Due to the pre­vail­ing bias­es which per­sist today, it’s no sur­prise a tru­ly mer­i­to­crat­ic sys­tem ceas­es to thrive. But there may be some light at the end of the tun­nel —  and it begins with chang­ing work cul­tures.

Tools and initiatives to help companies curb gender bias 

Sil­i­con Val­ley can incor­po­rate tru­ly mer­i­to­crat­ic val­ues, but it requires mak­ing a few small, mean­ing­ful adjust­ments to the cur­rent struc­ture.

Castil­la says, “Com­pa­nies can devel­op into mer­i­toc­ra­cies by imple­ment­ing mer­it-based eval­u­a­tion and reward sys­tems that have both account­abil­i­ty and trans­paren­cy.”

Relat­ed: These Are the U.S. States Where the Gen­der Pay Gap Is Widest

Clear process­es that offer cri­te­ria for all employ­ees at any career lev­el can help com­pa­nies ensure that skilled work­ers oper­ate in a tru­ly mer­it-based cul­ture. These pro­grams need to have indi­vid­u­als or groups of indi­vid­u­als that focus on the respon­si­bil­i­ty, abil­i­ty and author­i­ty to ensure that these for­mal process­es remain fair.

Google has tak­en a step to help resolve this issue. The tech giant now allows an employee’s qual­i­fi­ca­tions for a pro­mo­tion to be based on peer rec­om­men­da­tions rather than a manager’s deci­sion. These peers (along with all Google employ­ees) are trained to spot and guard against uncon­scious bias­es so the review process remains fair. It’s not per­fect, but the prac­tice is now the norm in many Sil­i­con Val­ley tech com­pa­nies, includ­ing Pin­ter­est and Quo­ra. 

While Chou no longer works at either of these com­pa­nies, she now uses her exper­tise to guard against bias, pro­mote trans­par­ent data report­ing on gen­der and reshape big tech’s work cul­tures. In 2016, she estab­lished Project Include, a non­prof­it that uses unbi­ased data pro­gram­ming and advo­ca­cy to help these tech giants bring on more diverse employ­ees. 

Uber has also man­aged to rede­fine its ethos from 14 core val­ues, which inef­fec­tive­ly pro­mot­ed mer­i­toc­ra­cy, to eight new cul­tur­al norms, which are expect­ed to evolve as Uber grows. The com­pa­ny is still slow to imple­ment more women in lead­er­ship and over­all staff posi­tions, but it is rein­forc­ing its diver­si­ty and inclu­sion goals to offer an equal play­ing field for tal­ent. 

Accord­ing to Uber’s 2019 Diver­si­ty and Inclu­sion report, it’s strength­en­ing its hir­ing man­ag­er train­ing pro­gram to cre­ate more inclu­sive inter­view­ing skills through the Inter­view Mod­er­a­tor Ini­tia­tive. The ini­tia­tive helps ensure that tech inter­views are free from sub­jec­tive bias and stereo­types. Mean­while, through­out their Career and Tal­ent teams, they con­tin­ue to review and redesign their sys­tems and pro­grams to help employ­ees of all back­grounds thrive equal­ly. This includes the cre­ation of per­for­mance man­age­ment and diver­si­ty score­cards.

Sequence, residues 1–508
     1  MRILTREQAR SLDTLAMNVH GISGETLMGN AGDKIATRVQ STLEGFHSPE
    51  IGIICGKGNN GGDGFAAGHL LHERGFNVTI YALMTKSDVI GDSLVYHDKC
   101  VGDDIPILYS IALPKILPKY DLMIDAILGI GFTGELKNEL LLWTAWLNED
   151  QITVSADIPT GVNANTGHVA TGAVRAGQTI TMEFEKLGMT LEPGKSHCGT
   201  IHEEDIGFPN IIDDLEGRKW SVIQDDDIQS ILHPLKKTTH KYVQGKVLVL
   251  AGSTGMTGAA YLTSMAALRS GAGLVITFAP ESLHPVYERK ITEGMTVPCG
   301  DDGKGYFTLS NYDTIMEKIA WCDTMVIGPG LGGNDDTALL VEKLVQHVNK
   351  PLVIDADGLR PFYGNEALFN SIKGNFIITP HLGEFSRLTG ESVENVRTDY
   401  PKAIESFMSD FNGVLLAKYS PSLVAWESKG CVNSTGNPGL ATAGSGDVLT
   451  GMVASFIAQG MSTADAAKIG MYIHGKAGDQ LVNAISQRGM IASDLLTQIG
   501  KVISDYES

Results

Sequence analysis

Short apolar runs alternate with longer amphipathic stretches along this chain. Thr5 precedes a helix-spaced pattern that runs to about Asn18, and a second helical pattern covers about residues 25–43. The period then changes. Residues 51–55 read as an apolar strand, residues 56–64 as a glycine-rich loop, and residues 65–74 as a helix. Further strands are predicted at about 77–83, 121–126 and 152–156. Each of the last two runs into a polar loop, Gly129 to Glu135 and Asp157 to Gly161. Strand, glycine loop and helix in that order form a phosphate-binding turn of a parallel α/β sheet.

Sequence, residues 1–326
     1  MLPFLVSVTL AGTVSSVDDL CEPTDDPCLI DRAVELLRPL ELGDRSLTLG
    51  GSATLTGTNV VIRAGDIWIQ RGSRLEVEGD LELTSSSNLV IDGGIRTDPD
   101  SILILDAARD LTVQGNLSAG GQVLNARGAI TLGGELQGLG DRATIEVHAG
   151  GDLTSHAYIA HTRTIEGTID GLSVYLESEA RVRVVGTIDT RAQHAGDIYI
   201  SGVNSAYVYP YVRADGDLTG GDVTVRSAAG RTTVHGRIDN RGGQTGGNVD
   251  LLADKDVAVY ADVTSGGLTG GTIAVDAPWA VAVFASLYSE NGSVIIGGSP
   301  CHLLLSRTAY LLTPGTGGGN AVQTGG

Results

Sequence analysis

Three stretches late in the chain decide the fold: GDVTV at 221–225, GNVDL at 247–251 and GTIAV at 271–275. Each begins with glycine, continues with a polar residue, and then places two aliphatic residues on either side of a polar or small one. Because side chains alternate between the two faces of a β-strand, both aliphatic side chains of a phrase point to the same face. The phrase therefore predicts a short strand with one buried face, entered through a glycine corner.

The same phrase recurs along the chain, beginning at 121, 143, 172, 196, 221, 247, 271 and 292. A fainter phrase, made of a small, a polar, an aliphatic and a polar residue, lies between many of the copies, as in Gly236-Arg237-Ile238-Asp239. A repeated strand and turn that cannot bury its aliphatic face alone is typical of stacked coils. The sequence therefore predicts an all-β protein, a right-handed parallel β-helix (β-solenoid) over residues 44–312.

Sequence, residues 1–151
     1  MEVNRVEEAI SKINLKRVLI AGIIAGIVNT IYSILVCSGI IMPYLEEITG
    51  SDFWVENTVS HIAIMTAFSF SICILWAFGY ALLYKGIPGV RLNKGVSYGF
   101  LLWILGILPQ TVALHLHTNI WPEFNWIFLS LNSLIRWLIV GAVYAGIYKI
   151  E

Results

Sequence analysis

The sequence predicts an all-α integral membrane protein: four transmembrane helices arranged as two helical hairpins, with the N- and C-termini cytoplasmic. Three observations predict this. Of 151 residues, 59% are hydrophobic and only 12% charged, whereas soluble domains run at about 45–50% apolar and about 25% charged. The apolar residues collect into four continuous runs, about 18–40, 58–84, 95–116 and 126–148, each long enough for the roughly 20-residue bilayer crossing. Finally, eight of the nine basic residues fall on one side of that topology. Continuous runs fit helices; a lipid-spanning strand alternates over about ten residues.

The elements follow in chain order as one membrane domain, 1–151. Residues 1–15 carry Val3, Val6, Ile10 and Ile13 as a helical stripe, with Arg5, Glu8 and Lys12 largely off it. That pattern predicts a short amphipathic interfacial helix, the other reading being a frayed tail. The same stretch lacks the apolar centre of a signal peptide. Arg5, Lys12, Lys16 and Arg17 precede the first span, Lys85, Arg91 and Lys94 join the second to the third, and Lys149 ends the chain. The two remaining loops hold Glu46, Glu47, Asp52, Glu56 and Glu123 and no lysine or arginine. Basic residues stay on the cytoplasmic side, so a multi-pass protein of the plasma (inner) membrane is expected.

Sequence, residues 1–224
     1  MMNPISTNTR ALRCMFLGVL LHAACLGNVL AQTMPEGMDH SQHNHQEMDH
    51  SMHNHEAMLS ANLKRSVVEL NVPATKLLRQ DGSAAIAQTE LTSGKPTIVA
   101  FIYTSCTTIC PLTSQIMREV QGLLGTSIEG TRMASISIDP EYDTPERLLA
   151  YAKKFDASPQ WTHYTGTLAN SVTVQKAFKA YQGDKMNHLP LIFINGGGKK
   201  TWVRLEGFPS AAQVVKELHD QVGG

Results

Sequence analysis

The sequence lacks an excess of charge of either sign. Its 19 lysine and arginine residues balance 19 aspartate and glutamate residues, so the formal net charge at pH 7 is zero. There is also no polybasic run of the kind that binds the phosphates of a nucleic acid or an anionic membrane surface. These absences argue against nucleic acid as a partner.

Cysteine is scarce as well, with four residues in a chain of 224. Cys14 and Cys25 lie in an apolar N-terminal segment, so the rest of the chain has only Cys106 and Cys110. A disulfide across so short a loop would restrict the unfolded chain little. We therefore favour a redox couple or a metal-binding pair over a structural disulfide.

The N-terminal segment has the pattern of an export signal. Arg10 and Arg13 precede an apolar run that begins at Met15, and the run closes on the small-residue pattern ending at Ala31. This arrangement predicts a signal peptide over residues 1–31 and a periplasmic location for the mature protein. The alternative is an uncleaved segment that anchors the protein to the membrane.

Relat­ed: How to Fight the Gen­der Pay Gap as a Self-Employed Woman

How­ev­er, biased work cul­tures will not change with­out inter­nal aware­ness and analy­sis. The World Eco­nom­ic Forum advis­es com­pa­nies to incor­po­rate The Implic­it Asso­ci­a­tion Test. The free resource from Har­vard Uni­ver­si­ty helps users gauge their per­son­al bias­es around gen­der, race, age, weight, sex­u­al­i­ty, tone and more. The tool offers insights into con­flicts, address­ing how employ­ees think, their assump­tions of social norms and how these bias­es inform our deci­sion mak­ing on a dai­ly basis. In all, these tools and ini­tia­tives can help make both the hir­ing and pro­mo­tion process­es more equal. 

Reviving meritocracy with gender equality

While it’s often assumed that mer­i­toc­ra­cy fos­ters gen­der equal­i­ty, it seems to ini­tial­ly have had the oppo­site effect in com­pa­nies who pro­mote these prin­ci­ples. It’s not that mer­i­toc­ra­cy is hurt­ing women’s careers, per se, but that com­pa­nies with uncon­scious bias­es are using mer­i­to­crat­ic prin­ci­ples in ways that are inef­fec­tive and prob­lem­at­ic. 

We have a long way to go until busi­ness­es reach a tru­ly mer­i­to­crat­ic mod­el. It’s time for com­pa­nies to reex­am­ine their diver­si­ty and inclu­sion goals and offer bet­ter sup­port sys­tems that help work­ing women thrive. These com­pa­nies can only become tru­ly mer­i­to­crat­ic work­places by instill­ing gen­der equal­i­ty poli­cies and thus mind­sets, at the core of their cul­tur­al val­ue sys­tems. Then, and only then, will we start to build a cor­po­rate ethos that is tru­ly based on tal­ent and hard work.